Welcome! Login | Register
 

Russ Moore: Sorry Raimondo, Summits Won’t Fix Our Economy—Russ Moore: Sorry Raimondo, Summits Won't Fix Our…

Dr. Downtown, David Brussat: Hard to Out-Edge Providence—Last month, Travel + Leisure ranked Providence No.…

PODCAST: Brown Grads Dominating Business in the United States—PODCAST: Brown Grads Dominating Business in the United…

Pats Escape New York With 17-16 Win—Patriots Win in New York, Clinch first round…

Smart Benefits: CMS Issues Proposed Rule on Definition of Spouse—This month, the Centers for Medicare and Medicaid…

Small Biz in A Digital Age: Cross-Promoting—The world of business is moving faster --…

Starks Jumper with 1.3 Seconds Left Lifts Bryant Over Denver, 48-46—Starks lifts Bryant over Denver, 48-46

RI Health Department Releases 10 Food Safety Tips for the Holidays—The Rhode Island Health Department (HEALTH) has released…

Sky Chiefs Bounce Back, Roll Spirit 119-109—Sky Chiefs bounce back with 119-109 win over…

25 Great Last Minute Local Gifts in RI—Still haven’t finished your Christmas shopping? Check out…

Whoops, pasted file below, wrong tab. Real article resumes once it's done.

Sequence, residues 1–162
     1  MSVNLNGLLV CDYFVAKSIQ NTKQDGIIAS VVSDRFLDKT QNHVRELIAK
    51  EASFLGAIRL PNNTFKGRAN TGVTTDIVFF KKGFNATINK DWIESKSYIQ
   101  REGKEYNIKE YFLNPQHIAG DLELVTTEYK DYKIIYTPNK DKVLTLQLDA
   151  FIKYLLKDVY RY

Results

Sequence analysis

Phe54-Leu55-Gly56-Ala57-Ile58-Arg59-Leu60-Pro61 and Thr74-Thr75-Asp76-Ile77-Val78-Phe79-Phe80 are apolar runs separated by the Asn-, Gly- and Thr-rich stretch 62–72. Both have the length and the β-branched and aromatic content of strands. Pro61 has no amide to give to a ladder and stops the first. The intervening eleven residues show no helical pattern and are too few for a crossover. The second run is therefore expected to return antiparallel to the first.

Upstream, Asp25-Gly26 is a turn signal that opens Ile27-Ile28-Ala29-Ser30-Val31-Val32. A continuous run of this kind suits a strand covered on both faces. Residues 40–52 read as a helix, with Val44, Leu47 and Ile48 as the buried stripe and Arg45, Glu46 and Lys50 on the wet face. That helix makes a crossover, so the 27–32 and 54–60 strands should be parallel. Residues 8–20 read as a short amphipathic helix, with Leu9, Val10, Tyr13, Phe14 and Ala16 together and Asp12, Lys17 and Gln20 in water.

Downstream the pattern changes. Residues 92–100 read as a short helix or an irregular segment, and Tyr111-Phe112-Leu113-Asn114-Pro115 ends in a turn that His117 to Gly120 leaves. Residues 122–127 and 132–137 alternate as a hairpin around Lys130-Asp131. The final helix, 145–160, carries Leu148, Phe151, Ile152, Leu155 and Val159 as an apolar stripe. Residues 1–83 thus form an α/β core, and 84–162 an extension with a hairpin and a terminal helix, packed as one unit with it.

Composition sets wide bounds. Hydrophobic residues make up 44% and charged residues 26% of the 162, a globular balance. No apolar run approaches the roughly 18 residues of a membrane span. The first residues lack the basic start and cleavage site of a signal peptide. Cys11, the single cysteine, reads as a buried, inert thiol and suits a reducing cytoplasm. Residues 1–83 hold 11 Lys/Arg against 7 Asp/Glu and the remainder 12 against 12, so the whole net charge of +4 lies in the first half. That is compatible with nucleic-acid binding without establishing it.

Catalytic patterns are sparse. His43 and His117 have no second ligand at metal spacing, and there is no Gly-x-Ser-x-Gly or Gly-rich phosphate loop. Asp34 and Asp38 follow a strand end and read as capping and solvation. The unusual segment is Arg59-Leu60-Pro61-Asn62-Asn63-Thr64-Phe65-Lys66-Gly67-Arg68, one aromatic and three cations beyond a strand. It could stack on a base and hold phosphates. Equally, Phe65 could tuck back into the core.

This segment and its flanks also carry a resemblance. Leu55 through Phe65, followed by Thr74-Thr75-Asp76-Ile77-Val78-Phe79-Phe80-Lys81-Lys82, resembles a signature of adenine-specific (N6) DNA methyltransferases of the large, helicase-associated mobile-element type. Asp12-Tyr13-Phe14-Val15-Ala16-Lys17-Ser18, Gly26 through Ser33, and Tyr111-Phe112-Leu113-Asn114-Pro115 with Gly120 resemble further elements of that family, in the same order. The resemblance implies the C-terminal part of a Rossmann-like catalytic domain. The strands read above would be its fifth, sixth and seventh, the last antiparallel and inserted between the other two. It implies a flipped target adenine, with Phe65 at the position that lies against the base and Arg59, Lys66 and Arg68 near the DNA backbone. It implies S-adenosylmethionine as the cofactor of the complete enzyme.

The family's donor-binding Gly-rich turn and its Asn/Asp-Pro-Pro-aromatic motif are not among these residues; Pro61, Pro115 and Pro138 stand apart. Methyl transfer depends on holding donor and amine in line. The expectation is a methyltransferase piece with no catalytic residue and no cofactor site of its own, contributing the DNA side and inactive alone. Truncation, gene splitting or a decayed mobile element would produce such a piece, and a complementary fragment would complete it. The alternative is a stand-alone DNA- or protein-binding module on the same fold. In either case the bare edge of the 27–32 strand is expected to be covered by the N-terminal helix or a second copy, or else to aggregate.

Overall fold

NEW: Anti-Sexting Law Could Snare College Students

Wednesday, July 20, 2011

 

A new law aimed at cracking down on sexting among teens could have the unintended consequence of landing college students in serious legal trouble, local researchers are warning.

Under the new law, minors who transmit sexually explicit images of themselves may be charged with a “status” offense in Family Court while those who possess or forward such images of another minor may be persecuted under child pornography laws. They could also have to register as a sex offender.

"While it is important to protect minors and help them recognize the short- and long-term implications of sending sexually explicit images, opening them up to something as serious as potential child pornography charges may not be the most effective course of action,” said Tiffani S. Kisler, an assistant professor at the University of Rhode Island Department of Human Development and Family Studies and author of a new study on sexting among college students.

The study, co-authored with Sue Adams, found that 56 percent  of college students had at some point received sexually suggestive images and 78 percent had received sexually suggestive messages. As for passing along these explicit texts, 17 percent of recipients admit to forwarding the messages and images to other people.

Adams said first-year college students are particularly at risk under the new law.

"College freshmen are right at that 17- and 18-year-old threshold," said Adams. "Whether it is classmates in college or friends from high school, we have to wonder how many students are thinking about the ages of the people they are communicating with.”

A spokeswoman for Attorney General Peter Kilmartin did not immediately respond to a request for comment.

If you valued this article, please LIKE GoLocalProv.com on Facebook by clicking HERE.
 

 

Enjoy this post? Share it with others.

 
 
:)